Cinemas should offer a greater variety of ticket prices, according to one of the leading figures in the UK film industry.
Zygi Kamasa, head of Lionsgate UK, whose films include The Hunger Games and Postman Pat, said prices at the box office should reflect film budgets.
An independent British film should cost £4 and a Hollywood blockbuster £10, Kamasa suggested.
"Something drastic" was needed to reverse falling admissions, he added.
"In most other industries, retail price is related to the cost of production, but not in the film business," Kamasa told Screen Daily.
"A blockbuster can cost $250m and a UK independent film can cost $4m but it's £10 or more to see both.
"I think we should see UK films priced at £4 and US films at £10. A trip to the cinema isn't cheap anymore," he added.
Monthly cinema admissions are already down 10% so far this year compared to 2013, according to figures from the British Film Institute.
While exhibitors have predicted a bounce back next year with blockbusters including Star Wars: The Force Awakens, The Hunger Games: Mockingjay Part 2 and Avengers: Age of Ultron, Kamasa warned that a run of "tent-pole" releases could also damage local diversity.
"The problem is you'll likely have 20 films that take $40m (£25m) each and not much beside," he warned. "They will account for more than 95% of the business and it could lead to an unhealthy lack of cultural diversity.
"I think UK film needs a bigger support from UK distributors and exhibitors and this could be one way to do that."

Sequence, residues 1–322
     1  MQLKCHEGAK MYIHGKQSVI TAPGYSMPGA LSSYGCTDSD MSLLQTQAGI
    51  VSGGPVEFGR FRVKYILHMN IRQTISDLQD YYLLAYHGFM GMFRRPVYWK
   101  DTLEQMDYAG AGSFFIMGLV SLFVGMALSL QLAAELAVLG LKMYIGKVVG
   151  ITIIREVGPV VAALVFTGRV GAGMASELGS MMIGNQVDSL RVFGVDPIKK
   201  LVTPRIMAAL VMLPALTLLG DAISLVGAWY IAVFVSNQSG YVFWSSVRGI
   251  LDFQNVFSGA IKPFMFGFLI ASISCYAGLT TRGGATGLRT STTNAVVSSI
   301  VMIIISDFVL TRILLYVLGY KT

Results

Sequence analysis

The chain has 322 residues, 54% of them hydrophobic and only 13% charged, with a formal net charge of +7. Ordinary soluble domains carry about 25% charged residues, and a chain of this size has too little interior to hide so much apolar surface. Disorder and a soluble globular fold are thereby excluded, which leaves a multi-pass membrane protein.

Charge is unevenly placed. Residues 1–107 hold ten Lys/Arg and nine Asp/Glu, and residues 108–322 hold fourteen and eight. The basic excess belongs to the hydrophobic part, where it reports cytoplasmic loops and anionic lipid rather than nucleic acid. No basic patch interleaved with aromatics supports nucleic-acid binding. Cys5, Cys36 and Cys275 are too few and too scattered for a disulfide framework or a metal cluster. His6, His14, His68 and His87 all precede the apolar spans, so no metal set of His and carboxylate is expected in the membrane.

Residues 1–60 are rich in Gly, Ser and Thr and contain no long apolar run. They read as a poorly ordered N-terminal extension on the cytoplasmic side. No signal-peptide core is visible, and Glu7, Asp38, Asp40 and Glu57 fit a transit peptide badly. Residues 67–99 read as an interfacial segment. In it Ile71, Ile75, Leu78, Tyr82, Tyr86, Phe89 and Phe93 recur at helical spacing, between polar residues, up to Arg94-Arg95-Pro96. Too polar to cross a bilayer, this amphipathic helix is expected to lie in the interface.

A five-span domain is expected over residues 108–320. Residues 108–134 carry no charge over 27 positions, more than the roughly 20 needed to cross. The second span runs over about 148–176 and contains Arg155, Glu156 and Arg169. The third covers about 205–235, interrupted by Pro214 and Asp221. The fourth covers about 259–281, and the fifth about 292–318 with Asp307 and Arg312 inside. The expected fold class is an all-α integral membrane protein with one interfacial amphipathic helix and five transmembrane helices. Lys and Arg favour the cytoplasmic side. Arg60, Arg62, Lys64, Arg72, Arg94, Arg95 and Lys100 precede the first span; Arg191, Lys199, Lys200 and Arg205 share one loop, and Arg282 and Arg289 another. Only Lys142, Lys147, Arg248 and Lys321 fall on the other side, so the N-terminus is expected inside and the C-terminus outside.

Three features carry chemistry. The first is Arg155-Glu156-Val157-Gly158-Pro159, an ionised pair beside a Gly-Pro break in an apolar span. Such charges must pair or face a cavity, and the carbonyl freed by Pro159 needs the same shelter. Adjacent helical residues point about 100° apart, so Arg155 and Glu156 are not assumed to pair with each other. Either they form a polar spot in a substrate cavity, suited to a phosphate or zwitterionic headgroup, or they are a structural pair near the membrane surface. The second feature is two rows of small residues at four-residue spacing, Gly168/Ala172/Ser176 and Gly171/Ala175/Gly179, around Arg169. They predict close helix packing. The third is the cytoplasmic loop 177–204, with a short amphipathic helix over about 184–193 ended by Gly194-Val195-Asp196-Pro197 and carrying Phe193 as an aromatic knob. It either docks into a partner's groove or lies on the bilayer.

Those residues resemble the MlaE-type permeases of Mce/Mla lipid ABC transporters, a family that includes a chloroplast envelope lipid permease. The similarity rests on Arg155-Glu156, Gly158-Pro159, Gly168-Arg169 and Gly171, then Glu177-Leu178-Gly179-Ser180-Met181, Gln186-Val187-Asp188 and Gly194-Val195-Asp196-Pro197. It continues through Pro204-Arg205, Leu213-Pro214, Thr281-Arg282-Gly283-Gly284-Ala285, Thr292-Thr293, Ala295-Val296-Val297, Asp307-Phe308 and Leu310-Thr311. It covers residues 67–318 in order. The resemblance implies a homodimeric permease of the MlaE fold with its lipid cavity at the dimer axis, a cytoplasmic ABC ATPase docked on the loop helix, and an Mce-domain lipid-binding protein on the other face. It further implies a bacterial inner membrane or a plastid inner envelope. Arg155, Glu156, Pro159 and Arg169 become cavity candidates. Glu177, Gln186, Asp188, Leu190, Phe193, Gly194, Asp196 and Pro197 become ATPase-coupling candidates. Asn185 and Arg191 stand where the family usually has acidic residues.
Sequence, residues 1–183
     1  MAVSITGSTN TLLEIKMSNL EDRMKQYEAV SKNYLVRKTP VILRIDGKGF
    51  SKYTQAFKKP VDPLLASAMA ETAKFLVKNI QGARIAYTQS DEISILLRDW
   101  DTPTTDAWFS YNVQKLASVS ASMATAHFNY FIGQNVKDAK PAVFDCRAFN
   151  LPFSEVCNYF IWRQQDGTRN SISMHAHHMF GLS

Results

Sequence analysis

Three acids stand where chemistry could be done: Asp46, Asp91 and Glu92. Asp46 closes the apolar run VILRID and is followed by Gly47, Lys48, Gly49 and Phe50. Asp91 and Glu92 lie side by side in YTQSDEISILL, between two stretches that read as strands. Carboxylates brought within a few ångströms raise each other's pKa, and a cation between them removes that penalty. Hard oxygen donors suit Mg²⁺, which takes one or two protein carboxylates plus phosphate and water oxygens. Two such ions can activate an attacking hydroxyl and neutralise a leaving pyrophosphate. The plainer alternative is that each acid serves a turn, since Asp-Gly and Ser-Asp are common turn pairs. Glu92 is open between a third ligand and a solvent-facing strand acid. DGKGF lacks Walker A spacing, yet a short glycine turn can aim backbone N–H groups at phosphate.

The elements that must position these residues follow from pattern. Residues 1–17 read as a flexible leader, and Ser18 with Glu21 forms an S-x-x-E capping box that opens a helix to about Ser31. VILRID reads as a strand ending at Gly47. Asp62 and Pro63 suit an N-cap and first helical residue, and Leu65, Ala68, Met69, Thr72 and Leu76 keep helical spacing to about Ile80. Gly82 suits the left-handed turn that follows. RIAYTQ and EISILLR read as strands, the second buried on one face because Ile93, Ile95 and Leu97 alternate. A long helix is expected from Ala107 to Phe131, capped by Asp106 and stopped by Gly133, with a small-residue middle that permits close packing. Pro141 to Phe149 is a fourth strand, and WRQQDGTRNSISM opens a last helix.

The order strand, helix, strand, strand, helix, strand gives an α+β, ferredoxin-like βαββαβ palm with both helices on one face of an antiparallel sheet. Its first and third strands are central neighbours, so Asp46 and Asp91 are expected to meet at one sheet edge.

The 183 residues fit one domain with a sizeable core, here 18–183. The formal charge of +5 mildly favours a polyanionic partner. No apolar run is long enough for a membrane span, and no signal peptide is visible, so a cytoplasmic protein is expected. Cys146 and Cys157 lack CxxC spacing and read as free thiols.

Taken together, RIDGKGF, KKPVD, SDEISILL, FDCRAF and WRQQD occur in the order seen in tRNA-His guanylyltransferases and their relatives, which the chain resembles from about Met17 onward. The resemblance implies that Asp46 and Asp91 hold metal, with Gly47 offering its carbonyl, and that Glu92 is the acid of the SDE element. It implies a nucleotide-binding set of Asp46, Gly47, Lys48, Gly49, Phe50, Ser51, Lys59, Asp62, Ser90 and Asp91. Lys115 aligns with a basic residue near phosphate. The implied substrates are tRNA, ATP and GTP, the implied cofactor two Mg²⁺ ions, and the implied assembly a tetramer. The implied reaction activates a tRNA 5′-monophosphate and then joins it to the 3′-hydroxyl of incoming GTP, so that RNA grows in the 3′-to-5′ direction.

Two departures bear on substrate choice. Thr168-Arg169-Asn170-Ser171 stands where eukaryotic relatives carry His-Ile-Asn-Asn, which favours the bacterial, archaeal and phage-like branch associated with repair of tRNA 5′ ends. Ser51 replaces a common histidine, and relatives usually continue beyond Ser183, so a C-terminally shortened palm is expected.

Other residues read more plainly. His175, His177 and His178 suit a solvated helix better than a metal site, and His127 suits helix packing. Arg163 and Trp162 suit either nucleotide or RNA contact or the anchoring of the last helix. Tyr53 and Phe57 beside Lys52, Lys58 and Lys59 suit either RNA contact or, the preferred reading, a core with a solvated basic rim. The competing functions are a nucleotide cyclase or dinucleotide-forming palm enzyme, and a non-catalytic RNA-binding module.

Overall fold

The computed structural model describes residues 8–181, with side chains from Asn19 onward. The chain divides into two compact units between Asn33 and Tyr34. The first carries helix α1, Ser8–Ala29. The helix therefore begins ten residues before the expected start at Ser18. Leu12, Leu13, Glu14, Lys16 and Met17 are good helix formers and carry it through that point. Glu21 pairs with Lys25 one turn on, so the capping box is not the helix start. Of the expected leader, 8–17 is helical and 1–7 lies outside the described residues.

However, the Cinema Exhibitors' Association said a pricing mandate would act against diversity.
"Cinemas are essentially businesses," said the association's chief executive, Phil Clapp. "They look to maximise revenue however they can.
"If you introduce pricing according to budget, cinemas are naturally going to show the blockbusters to get a higher revenue.
"I think we need to be careful of ghettoising particular films," he told the BBC.
The average cost of a cinema ticket in the UK is currently £6.54 - an increase of 18.5% in the last five years.
The figure is calculated by dividing box office profits by the number of tickets sold, so it includes special deals like buy-one-get-one-free and daytime discounts.
The profit from a cinema ticket, once VAT is deducted, is split between the cinema chain and the distributor. The cinema chain sets the price of the ticket and the cost varies depending on several factors - from screen and seat size to the cost of renting the venue.
Speaking to the BBC, Mark Batey from the Film Distributors' Association, said that getting films on the cinema screens was already a "complex jigsaw puzzle", with so many titles competing for space.
"In 2013 there were 700 feature films released alone. For most films, a cinema run will only last a few weeks, as there are so many newer titles constantly being released.
"The budget of the film is not necessarily an indication of its popularity - take The King's Speech or The Artist, for example.
"The question of 'what to do' to boost admissions does need addressing," he added, "but there is no easy answer and it needs careful thought".
Lionsgate UK has released eight British films this year - including Locke, The Invisible Woman, Postman Pat and the low budget comedy What We Did On Our Holiday.
The company, which recently relocated its sales headquarters from California to the UK, said British films continued to be one of the industry's "big growth areas".